The initiatives are included in the group’s annual report on the state of civil society. The authors note that at present Russia lacks a unified court procedure on all cases involving pornography. In particular, terms like ‘child porn’ are used in legal documents without being defined, and lawmakers’ repeated efforts to do so have yielded no results.
The current Russian Criminal Code forbids the making and turnover of pornographic materials picturing minors and possession is punishable only if the court proves that the suspect wanted to somehow spread them further.
“Criminal responsibility for possession of pornography, especially if it depicts minors, is a necessary measure that reflects the community’s very urgent problem. Porn dealers and entire international cartels specializing in this business cannot emerge from nowhere. And no normal person would keep such materials,” co-author Elena Sutormina told Izvestia daily.
The activist, who sits in the Public Chamber and in the Presidential Council for Children’s Issues, also said that prevention was of primary importance when tackling such problems.
“In this case prevention is in understanding that such actions are considered a crime punishable by prison. If we want to raise a healthy generation we should cut short any of such inclinations,” Sutormina said.
She added that she understood the difficulties law enforcers would face when trying to find people in possession of banned materials, but noted that police should target dedicated groups on social networks and special websites. Many criminal groups specializing in child porn originate from internet forums.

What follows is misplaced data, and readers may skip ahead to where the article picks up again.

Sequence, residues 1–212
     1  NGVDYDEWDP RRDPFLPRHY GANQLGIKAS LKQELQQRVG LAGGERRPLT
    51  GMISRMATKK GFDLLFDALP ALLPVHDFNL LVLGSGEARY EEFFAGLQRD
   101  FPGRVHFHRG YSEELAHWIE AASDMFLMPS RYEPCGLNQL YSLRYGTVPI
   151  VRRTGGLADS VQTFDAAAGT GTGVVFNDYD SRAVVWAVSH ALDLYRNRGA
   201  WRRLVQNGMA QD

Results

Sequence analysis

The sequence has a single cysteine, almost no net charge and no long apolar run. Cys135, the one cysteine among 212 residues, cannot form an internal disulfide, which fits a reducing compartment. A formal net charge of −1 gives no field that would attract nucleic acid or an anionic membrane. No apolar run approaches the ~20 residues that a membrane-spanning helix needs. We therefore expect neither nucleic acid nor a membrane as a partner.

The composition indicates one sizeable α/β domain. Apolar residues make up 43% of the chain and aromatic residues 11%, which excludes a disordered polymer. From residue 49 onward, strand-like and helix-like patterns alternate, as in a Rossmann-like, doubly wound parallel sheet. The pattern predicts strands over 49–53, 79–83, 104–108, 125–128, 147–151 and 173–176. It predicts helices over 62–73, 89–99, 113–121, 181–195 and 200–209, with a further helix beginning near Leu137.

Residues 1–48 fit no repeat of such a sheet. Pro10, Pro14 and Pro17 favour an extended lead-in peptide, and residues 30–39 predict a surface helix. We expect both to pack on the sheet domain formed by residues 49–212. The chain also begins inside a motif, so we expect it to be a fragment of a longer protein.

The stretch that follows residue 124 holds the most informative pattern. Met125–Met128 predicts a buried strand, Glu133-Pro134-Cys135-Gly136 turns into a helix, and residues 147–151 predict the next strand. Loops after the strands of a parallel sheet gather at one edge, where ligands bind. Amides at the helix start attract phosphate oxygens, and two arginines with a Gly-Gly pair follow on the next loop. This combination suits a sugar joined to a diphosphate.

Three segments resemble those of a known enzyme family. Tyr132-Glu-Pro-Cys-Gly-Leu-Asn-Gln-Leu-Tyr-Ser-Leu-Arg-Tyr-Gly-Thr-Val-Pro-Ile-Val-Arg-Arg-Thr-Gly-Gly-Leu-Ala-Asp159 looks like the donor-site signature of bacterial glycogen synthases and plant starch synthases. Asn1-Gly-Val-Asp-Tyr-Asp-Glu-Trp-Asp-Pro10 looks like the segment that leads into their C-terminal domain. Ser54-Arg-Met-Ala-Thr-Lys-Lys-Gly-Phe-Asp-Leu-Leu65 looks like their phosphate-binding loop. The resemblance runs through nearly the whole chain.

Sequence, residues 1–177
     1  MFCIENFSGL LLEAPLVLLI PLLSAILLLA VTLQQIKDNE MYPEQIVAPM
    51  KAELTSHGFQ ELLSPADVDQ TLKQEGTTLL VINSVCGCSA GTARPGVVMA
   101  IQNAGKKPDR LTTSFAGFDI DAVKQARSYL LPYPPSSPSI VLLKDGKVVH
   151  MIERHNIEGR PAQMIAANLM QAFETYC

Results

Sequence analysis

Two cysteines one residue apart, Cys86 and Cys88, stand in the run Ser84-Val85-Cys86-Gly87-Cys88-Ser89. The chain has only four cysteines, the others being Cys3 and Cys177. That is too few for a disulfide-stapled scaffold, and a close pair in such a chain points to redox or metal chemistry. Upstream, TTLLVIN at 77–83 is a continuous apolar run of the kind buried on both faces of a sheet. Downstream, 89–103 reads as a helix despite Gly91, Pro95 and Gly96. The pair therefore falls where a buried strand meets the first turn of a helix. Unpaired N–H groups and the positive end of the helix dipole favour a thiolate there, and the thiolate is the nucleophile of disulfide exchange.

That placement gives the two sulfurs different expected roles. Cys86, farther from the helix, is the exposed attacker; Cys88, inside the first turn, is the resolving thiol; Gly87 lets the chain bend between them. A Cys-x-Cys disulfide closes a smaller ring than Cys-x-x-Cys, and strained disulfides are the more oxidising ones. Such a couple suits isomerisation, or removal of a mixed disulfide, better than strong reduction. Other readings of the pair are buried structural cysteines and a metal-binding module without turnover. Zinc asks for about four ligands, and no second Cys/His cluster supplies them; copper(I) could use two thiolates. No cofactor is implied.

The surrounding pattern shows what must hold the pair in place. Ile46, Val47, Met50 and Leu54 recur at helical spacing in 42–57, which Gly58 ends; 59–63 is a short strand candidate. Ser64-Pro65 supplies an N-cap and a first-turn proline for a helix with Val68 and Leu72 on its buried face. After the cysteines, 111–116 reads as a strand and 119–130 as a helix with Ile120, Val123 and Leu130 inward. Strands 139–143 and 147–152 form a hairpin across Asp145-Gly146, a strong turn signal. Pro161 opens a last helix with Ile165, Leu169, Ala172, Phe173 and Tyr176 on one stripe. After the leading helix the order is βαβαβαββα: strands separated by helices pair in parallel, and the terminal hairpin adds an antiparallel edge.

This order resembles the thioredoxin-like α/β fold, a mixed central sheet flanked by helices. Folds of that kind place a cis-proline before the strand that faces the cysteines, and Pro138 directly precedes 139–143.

MP Olga Alimova (Communist Party) of the State Duma Committee for Women, Family and Children, supported the initiative, noting that currently law enforcers often have to close cases of suspected child porn dealers as the suspects insisted that they kept all their stock “for personal consumption.” Changes in the law would deprive the criminals of the chance to use this legal loophole, she said.
In mid-2013, MP Aleksandr Romanovich (Fair Russia) told a parliamentary session that the number of Russian websites containing child porn had grown almost by a third in recent years. The amount of available pornographic materials featuring children had grown 25 times. On average, every such site attracts 30,000 visits every month, he said.
Romanovich also noted that according to polls, almost every Russian citizen between 10 and 17 years who was regularly using the internet had received indecent proposals from adult users at least once.
Russian law orders prison sentences of two to 15 years for making or selling child pornography, as well as for recruiting underage children for making such material. Children under 18 are considered minors in Russia and the legal age of consent is 16 years.
Good start, Russia, you're a little behind some countries but you are heading in the right direction.